When Europeans came to the western hemisphere, they received a warm welcome, which they abused. More Euros came, and more.
Certainly, the numbers and tactics of the invading force changed all that initial friendliness, though the diversity in reaction persisted. By 1862, all but the most desperate or enraged could see the writing: there were approximately 31,000,000 whites and just 300,000 Native Americans. (Hastings: 3) No one can fight violently against 100:1 odds, especially with such an arsenal asymmetry amplifying the numerical tilt.
Some tribes fought at the time and still suffer; some negotiated a chance to live and fight in other ways on other days. Some, like the Yaqui from Sonora, fought the Mexican government and fled to the US, where they were not prosecuted, nor were they deported, in a rare instance of justice. (Spicer: xv)
The diversity of those stories can tell us much. The nostalgia for the gentle spirit of pre-contact Native cultures lives on in many who evoke that spirit as our dominant cultures tentatively explore the possibilities of nonviolence. Like Words in the Wind of the Wampanoag Nation, who opened a Fellowship of Reconciliation event with her poetry evoking compassionate and tender tribal practices, the collective memory of some stands in contrast to the collective memory of a warrior culture. The warrior image is wilder and more exciting, but the calm and caring Native American is just as justifiable an image in the mindseye of those who try to remember the greatness of the tribes.
Since the evolutionary experiment of Native Americans was disastrously interrupted, and since postmodernist thought can lead us to appreciate cultures that seemed to be on paths that might be ultimately sustainable and superior to the technoWest, we do well to look again at Native wisdom. (Griffen: xi)
It was there; it’s been stereotyped and generally disregarded and it will serve humanity well if it regains its richness and carries on its experiments. Stories are not always told with good intentions; our mass media often remind the critical listener and careful reader of the Iktomi stories, the Lakota tales of the spider, including the Iktomi’s own use of stories to the ants. “He told them a story--pretty soon they went to sleep so he ate them up.” (Penman: 107) Indeed, our mass media is a kind of spider telling us the stories that put our best sides asleep so the spider can gobble us up. It happened in the US as Native peoples were demonized and war on them was justified. This has happened to justify every war the US has fought, starting even before there was a US, in colonial America, and it has continued to this day.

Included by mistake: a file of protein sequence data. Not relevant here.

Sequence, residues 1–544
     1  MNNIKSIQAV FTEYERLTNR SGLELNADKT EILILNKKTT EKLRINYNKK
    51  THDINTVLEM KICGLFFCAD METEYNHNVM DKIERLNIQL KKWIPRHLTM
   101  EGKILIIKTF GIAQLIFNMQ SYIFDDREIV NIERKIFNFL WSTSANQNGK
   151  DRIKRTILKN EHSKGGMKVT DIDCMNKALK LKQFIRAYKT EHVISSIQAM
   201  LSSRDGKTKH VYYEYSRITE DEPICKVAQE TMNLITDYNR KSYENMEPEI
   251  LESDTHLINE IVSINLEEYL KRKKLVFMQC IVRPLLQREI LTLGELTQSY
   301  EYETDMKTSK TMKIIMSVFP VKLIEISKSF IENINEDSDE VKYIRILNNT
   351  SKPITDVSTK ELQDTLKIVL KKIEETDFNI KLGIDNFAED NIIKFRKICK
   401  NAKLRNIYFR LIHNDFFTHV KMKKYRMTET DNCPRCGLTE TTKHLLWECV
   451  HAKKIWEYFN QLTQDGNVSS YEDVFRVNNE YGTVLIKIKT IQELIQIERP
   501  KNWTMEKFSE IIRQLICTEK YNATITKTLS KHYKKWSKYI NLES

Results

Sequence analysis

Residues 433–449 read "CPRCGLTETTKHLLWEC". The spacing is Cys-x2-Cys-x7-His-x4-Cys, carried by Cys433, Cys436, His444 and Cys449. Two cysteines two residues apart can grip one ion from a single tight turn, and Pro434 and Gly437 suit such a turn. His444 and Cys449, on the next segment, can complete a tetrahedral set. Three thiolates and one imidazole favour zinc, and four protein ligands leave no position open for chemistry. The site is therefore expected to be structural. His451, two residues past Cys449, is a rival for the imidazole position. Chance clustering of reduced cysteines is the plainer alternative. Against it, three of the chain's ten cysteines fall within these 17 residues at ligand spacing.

The challenge to the peace scholar is to apply the theories of nonviolence from many sources to the various practices of Native American conflict management. Indeed, I'd like to offer a provocative opening statement that, I hope, challenges better and more thorough researchers to deeply and thoroughly examine this question. When warrior cultures do not make war, but transform to peaceful methods, they bring a new power to conflict.
I offer the core thesis—that Native Americans often practiced and still practice excellent nonviolent conflict management but have been not much credited with that practice, by mainstream culture or even by themselves. When we learn that the strength of the warrior can be transferred into nonviolent struggle, we open many doors for many individuals and even national groups. That would be a good thing.
Griffen, David Ray, introduction: Gier, Nicholas F., The Virtue of Nonviolence: From Gautama to Gandhi. Albany NY: SUNY Press, 2004.
Hastings, Tom, “Bury my toxic waste at Wounded Knee: the long Indian ecowars,” Drifts, 80:14, 7 May 1992.
Penman, Sarah, Honor the Grandmothers: Dakota and Lakota Women Tell Their Stories. St. Paul MN: Minnesota Historical Society Press, 2000.
Spicer, Edward H., “Refugio Savala, cross-cultural interpreter,” in: Savala, Refugio, Autobiography of a Yaqui Poet. Tucson AZ: The University of Arizona Press, 1980.